Planet Bollywood
Agni Varsha
Producer: I-Dreams Productions
Director: Arjun Sajnani
Starring: Jackie Shroff, Raveena Tandon, Milind Soman, Sonali Kulkarni, Nagarjuna, Prabhudeva, Mohan Agashe & Amitabh Bachchan (Special Appearance)
Music: Sandesh Shandilya
Lyrics: Javed Akhtar
Genre: Drama
Recommended Audience: Parental Guidance
Film Released on: 30 August 2002
Reviewed by: Vijay Ramanan  - Rating: 1.5 / 10
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Public Rating Average: 5.11 / 10 (rated by 410 viewers)
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Much has been said about Girish Karnad’s play “The Fire and the Rain.” So much so that Arjun Sajnani, who directed its stage version, decided to mount this subplot of the Mahabharata onto celluloid. The thick plot of this film boasts of epic scale potential. However, Sajnani, who apparently struck gold with its stage version, goes so haywire with it on screen, that it is merely reduced to a production that is at best, laughable for all the wrong reasons.

Agni Varsha” could serve as a case study in film schools to explain why the director is (or rather should be) such a crucial part of the filmmaking process. Sajnani is handed a very impressive team on a silver platter, but is clueless as to how to use it. To begin with, there is cinematographer Anil Mehta (Hum Dil De Chuke Sanam, Lagaan) who has proven that mounting simple stories like “Lagaan” and “HDDCS” to epic proportions is child’s play for him. For his leading lady, there is Raveena Tandon who is still radiating in the glory of her national award. Supporting her is a big name – Jackie Shroff. To put the icing on the cake, he has Mr. Amitabh Bachchan. When it becomes painful to stand even this great man on screen, one can just imagine how bad the film really is!

Anil Mehta’s efforts to salvage this poor product are highly eminent. The talented Taufiq Qureshi too tries his best with an innovative score. Unfortunately, they seem to be the only ones interested in doing so. Sandesh Shandilya’s melodious tunes only do further damage to the already pathetic state of the film’s continuity factor.

The screenplay co-written by Sajnani, T. Jayashree, and Anil Mehta, contains too many characters and subplots that pop out of nowhere. The script is also devoid of any logic whatsoever. Besides relying on age-old clichés, the writers seem to forget the nature of the scenes that they are writing, within that scene itself. For example, while Aravasu (Soman) and Nittilai (Kulkarni) discuss the pains of the caste system, Aravasu, out of nowhere decides to let go of the conversation and impersonate a buffalo. Wake up people!!!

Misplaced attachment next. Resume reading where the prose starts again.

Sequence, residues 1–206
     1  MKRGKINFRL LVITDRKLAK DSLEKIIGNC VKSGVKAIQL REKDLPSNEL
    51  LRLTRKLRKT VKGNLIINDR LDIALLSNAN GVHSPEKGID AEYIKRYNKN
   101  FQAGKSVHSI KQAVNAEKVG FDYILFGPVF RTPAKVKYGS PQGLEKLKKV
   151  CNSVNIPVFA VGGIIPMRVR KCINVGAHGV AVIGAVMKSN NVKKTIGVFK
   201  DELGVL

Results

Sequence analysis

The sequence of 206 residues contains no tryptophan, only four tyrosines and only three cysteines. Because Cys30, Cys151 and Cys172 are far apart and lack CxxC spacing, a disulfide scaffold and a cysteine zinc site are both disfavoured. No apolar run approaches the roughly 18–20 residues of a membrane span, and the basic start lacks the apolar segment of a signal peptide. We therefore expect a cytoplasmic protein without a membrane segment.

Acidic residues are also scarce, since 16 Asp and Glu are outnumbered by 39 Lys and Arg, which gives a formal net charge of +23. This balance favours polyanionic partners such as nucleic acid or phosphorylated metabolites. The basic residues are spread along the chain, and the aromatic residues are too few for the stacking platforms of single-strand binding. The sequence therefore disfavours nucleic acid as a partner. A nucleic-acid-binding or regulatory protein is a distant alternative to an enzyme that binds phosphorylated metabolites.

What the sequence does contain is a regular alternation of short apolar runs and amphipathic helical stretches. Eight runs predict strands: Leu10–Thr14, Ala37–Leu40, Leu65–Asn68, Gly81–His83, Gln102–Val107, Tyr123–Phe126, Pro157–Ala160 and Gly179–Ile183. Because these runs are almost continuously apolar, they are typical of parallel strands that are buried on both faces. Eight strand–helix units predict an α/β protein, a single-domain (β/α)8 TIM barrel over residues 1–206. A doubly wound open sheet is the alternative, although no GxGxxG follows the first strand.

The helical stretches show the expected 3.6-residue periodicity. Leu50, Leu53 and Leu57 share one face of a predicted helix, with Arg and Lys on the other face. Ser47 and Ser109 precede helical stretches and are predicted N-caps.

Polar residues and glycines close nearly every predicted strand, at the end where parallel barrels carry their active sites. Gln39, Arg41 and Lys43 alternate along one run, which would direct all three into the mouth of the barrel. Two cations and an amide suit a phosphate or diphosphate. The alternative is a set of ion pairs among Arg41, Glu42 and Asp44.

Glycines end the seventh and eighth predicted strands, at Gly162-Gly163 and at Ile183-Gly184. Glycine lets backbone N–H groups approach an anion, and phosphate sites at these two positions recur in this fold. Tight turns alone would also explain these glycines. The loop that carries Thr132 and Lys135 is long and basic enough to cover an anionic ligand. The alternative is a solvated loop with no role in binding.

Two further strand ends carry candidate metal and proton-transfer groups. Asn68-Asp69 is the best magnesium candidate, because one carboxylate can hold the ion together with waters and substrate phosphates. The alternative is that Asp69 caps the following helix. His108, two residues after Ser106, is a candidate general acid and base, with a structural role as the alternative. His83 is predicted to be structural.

One would expect that a director coming from a theatrical background would know how to extract strong performances from his troupe. However, Sajnani needs to be reminded that like theater, you have to DIRECT your actors in film too!

Raveena Tandon – I find it hard to criticize her. But please! Somebody teach her some script sense. Married to Paravasu (Shroff), her character Vishaka is absolutely confused, being an adulterous on one occasion, and claiming to be a “pavitra” wife on the other.

Jackie Shroff – Paravasu is another confused soul. He begins by performing a sacrifice to bring rain to the parched land, then suddenly kills his father, has his brother Aravasu beaten to pulp, and finally repents by entering the pyre. None of the reasons provided to desperately justify Paravasu’s actions come even close to being convincing.

Milind Soman – Aravasu really is a scared, cowardly, confused chicken. Milind Soman looks equally scared, cowardly, and confused trying to play this character. His dialogue delivery and facial expressions are so bad that the audience was in splits every time he spoke. But hey, you know what? I actually did find one part in the film where his performance was simply outstanding – The part where he lies unconscious and does absolutely NOTHING after getting beaten up!!!

The less said about the remainder of the cast, the better. Mohan Agashe, Sonali Kulkarni, Prabhudeva, and Raghuvir Yadav are wasted. The climax of the film where the Big B appears in a cameo as Lord Indra makes you want to drill a hole in your head. The pre-release hype of “Agni Varsha” boasted of special effects done in Australia. Special Effects??? Are you kidding me? I could draw more realistic looking images holding a pencil between my toes! Not only is this movie a waste of immense talent, it is also a shameful waste of precious 35mm film. If I were to pick one enjoyable portion of this particular movie-viewing experience, it would be the trailer of Ramgopal Varma’s “Road” during the intermission.

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